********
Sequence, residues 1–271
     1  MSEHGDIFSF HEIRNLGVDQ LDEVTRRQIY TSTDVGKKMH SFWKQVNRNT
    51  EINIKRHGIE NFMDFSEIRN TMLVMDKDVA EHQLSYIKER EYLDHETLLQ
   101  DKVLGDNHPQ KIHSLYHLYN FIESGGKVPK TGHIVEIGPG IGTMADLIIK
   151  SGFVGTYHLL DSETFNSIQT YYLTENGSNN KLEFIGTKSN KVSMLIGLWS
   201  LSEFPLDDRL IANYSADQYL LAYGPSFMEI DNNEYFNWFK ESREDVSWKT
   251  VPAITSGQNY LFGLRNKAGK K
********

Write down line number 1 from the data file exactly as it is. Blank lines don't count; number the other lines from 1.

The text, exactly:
Sequence, residues 1–271